A question I received: If only Kabbalah is necessary for the correction of the soul, why did the sages of the past create so many commentaries on the Torah, Mishna, and Talmud? How does this all help us?
My Answer: If, after several years of studying Kabbalah, you reach the correction for sake of bestowal (Lishma), you’ll be able to open the Talmud and delight in it. You’ll begin to understand all the laws described in it according to their inner essence, the science of Kabbalah. You’ll grasp what these great sages of the past wrote about.
At present, their language simply confuses you and conceals the world of the truth from you. Later, you’ll understand it all because you’ll reach the degree at which the sages wrote their commentaries. You’ll experience the same states that inspired them to write them. For you, these texts won’t be any different than the Kabbalistic articles.
Using words such as a “bull,” “donkey,” “cow,” “harm,” “Temple,” the “Great Assembly (Sanhedrin),” “fields,” and “property,” the sages expressed the process of the correction of the soul. The entire Torah speaks solely about the correction of the soul and its equivalence with the Creator; it is all names of the Creator.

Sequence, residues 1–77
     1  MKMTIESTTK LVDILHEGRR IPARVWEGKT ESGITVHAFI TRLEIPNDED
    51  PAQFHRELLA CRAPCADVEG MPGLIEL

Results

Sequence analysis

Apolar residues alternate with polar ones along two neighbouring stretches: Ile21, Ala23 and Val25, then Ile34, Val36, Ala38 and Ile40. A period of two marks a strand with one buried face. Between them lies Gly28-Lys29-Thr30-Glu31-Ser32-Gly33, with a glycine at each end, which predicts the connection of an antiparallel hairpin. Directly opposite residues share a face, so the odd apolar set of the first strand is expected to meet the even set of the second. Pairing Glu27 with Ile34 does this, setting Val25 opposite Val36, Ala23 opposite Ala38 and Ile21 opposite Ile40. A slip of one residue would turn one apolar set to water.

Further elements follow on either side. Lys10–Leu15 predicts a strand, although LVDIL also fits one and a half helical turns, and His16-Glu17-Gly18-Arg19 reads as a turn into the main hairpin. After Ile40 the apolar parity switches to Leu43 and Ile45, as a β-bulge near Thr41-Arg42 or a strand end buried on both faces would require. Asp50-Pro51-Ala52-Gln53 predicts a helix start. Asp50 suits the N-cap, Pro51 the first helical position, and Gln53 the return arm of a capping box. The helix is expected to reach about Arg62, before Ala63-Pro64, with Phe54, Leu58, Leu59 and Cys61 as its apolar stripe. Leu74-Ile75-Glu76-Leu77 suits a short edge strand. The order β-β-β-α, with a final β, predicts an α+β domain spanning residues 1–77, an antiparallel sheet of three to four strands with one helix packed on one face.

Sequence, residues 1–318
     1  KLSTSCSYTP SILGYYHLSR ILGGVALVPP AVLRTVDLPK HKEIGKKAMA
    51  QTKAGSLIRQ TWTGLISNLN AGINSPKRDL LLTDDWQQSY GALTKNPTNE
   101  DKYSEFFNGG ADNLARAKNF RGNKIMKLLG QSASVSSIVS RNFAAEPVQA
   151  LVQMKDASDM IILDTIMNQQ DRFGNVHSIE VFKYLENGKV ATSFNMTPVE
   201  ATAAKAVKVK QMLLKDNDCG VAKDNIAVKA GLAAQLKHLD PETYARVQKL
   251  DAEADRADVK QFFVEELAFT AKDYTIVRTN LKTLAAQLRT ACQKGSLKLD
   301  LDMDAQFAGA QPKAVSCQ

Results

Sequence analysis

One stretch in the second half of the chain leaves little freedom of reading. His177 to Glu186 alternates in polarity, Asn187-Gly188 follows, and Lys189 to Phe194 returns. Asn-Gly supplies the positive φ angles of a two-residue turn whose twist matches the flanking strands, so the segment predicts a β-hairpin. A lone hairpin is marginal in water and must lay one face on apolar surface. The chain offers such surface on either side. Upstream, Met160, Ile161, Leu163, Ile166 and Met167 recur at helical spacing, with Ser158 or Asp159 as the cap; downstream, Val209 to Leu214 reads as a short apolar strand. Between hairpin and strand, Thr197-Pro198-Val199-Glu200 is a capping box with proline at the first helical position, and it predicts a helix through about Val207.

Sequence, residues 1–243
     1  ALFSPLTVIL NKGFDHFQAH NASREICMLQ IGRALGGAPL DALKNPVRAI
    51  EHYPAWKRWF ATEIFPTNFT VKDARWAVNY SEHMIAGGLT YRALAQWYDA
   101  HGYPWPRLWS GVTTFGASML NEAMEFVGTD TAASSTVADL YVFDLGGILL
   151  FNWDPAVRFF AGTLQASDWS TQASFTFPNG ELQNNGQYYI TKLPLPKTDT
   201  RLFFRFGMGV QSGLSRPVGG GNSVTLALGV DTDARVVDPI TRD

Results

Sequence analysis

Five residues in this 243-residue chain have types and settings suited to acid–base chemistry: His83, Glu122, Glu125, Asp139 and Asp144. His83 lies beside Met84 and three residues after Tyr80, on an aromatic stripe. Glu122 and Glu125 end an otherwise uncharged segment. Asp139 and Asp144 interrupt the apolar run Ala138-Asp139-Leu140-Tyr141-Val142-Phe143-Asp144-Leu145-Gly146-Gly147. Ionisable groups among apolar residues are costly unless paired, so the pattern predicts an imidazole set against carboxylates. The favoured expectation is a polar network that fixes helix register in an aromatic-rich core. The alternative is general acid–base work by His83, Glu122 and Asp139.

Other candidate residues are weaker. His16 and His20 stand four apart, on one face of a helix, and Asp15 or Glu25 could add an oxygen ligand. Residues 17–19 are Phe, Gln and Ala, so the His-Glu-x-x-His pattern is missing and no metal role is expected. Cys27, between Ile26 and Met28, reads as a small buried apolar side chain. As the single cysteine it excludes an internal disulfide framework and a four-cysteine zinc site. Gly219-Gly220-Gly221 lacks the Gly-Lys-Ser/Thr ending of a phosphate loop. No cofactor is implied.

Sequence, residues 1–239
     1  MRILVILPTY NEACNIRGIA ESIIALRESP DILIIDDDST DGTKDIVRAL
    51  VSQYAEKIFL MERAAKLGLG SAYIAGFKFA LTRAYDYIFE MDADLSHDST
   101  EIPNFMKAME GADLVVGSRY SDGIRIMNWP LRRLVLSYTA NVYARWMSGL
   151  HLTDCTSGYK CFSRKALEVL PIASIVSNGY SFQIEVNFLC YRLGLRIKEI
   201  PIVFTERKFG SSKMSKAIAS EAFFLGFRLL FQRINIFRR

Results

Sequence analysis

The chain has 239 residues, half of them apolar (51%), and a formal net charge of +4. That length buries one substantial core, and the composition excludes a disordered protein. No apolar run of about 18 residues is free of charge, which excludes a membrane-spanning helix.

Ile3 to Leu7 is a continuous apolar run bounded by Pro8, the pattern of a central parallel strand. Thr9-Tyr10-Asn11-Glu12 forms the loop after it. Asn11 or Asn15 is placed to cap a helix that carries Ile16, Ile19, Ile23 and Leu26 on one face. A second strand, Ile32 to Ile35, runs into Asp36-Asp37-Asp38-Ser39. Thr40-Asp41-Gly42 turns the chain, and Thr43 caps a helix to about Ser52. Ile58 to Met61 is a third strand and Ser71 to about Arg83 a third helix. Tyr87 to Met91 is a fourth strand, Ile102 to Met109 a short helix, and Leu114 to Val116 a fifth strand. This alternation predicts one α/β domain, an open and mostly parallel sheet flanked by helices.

When one commentator argues with another, this depicts the eternal argument between the left and the right lines, the measures of reception and bestowal, and clarifies how to combine them correctly. The Talmud explains the spiritual processes in the most precise details. Right now you are so tangled in them because you think that it’s talking about a thousand different opinions. Later, you’ll understand that this is not a thousand points of view, but a look at the same, single phenomenon that can be corrected from a thousand different angles.
These are not sages arguing between themselves, but the souls of the common system explaining to you how each quality is related to all the others, or, in other words, how each organ, an individual soul, is related to the work of the collective soul Adam.
From the 3rd part of the Daily Kabbalah Lesson 5/31/10, Introduction to the Study of the Ten Sefirot